One of the undisputed masterpieces of musical theatre, West Side Story began as an idea called East Side Story. Director/choreographer Jerome Robbins and composer Leonard Bernstein wanted to set Shakespeare’s Romeo and Juliet in modern dress, dealing with contemporary prejudices. But, the more they read the papers, the more they learned of young gangs on New York’s west side. The “native” New Yorkers were using intimidation and violence to make the incoming Puerto Rican population feel unwelcome. Bernstein mentioned his fondness for Latin rhythms, and they were on their way.
Narrative dances had appeared in musicals for many years, but the bold innovation of West Side Story is that it uses dance to tell most of the story. The whole conflict between the warring gangs, the Jets and the Sharks, is set up in the opening, through choreography. West Side Story gave Bernstein the opportunity to write some of the most exciting dance music ever written for the stage, and for Robbins to perfect a style in which the macho posturing and violence of young men could be made to seem real, in a ballet. This powerful way of moving had been developed in two previous Robbins/Bernstein collaborations: the ballet, Fancy Free, and the musical they made from it, On The Town.
West Side Story succeeds in depicting the true-life tragedy of malevolent youth in original, stylized, terms. During the “rumble,” we fear for the lives of the characters, as we would in any fight, and don’t think “This is silly; boys at war don’t dance. “It’s an extraordinary accomplishment, the result of the ingenuity of what Robbins does with the dances and Bernstein does with the music. The book writer, Arthur Laurents, doing his first musical, came up with an invented language that plays as the equivalent of the obscenities gang members use, but, in reality, it’s nonsense. None of the “grown-up” characters sing, so the musical world is reserved for the young, which makes that adult presence a bit stilted, less sexy. Originally, Leonard Bernstein intended to write the lyrics himself, but, with so much composing to do, he called upon a young lyricist with no Broadway experience, Stephen Sondheim, to collaborate. Bernstein was so impressed with Sondheim’s output, he eventually changed the credits to read: “Lyrics by Stephen Sondheim.”
West Side Story is a musical tragedy. There had been some before, there have been many since. Seeing it today, one is struck by how often, and in how many ways, the sadness of the unhappy plot turns is leavened by bits of comedy and energy. “The Jet Song,” “America,” and “Gee, Officer Krupke” are comedy songs. “I Feel Pretty,” “Cool” and “A Boy Like That” use invigorating rhythms. West Side Story refuses to wallow in the blues, but instead depicts characters trying to find a way out: “There’s a place for us, somewhere. “Musicals of more recent vintage go overboard, sometimes offensively, in portraying depressing turns of events.
The highlight of West Side Story for me is a musical sequence, The “Tonight” Quintet. We hear from many different characters from different parts of the stage: Tony and Riff planning the rumble, the Jets and the Sharks marching to the rumble, Anita preparing for a sexy date, and the young lovers rising above it all with their airy beguine. All these themes come together at once, a musical kaleidoscope of emotions and melodies. Every musical should have a moment as splendid.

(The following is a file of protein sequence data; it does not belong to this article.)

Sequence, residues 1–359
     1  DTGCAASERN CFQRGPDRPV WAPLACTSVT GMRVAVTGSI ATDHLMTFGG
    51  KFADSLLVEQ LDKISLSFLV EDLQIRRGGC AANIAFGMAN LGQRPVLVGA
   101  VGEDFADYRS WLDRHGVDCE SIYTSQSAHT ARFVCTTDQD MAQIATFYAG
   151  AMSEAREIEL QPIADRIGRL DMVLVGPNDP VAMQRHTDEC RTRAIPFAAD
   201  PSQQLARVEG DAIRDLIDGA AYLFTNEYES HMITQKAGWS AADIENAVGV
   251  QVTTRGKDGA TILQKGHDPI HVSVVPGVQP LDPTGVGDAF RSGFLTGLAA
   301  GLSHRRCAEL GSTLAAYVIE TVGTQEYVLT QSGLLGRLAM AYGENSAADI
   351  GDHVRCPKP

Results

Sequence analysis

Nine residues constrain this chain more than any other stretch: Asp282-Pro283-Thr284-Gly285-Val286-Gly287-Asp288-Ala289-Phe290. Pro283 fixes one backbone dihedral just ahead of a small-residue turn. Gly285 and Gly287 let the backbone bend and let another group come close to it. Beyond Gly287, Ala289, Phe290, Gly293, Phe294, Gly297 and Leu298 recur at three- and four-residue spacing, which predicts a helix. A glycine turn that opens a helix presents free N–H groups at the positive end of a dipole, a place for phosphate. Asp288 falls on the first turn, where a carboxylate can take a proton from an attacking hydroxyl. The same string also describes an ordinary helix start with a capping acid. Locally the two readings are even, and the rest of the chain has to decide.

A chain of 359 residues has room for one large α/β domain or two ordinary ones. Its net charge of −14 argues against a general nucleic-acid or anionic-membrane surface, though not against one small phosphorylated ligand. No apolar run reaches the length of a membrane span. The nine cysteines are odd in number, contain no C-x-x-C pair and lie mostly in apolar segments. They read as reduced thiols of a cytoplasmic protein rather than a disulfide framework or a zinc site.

Something’s Coming, Something Good: West Side Story and the American Imagination. (Applause Books). Something’s Coming, Something Good: West Side Story and the American Imagination takes a critical, comprehensive look at one of the most inventive, influential, and internationally beloved Broadway musicals of all time from its inception by a brilliant quartet of creators (Robbins, Bernstein, Sondheim, and Laurents) to its smashing success on film, to its ongoing popularity on stages around the world and its potent impact on the Great American Musical. Featuring intriguing chapters on West Side Story in relation to Romeo and Juliet ; as a recording phenomenon; as a film rated the second-best movie musical of all time by the American Film Institute; as part of a wave of juvenile delinquency dramas; as the first great choreographer-auteur musical; and as the granddaddy of “youth musicals” such as Hair and Rent , Something’s Coming, Something Good is a revealing guide for those who have seen the show; for those who wish to study it for pleasure or inspiration; and for actors, designers, and directors planning on producing it.
The Making of West Side Story from Amazon.com West Side Story was a landmark musical. When it premiered on Broadway in 1957, it showed how dancing, singing, acting, and design could merge into a single means of expression, a seamless unity. Whether it was completely new vision as a concept musical, or the pinnacle of an already established tradition, it marked the most impressive body of choreography in a single show and was acclaimed as Leonard Bernstein’s strongest work for the Broadway stage. Keith Garebian’s look into the behind the scenes work that goes into creating a great Broadway musical.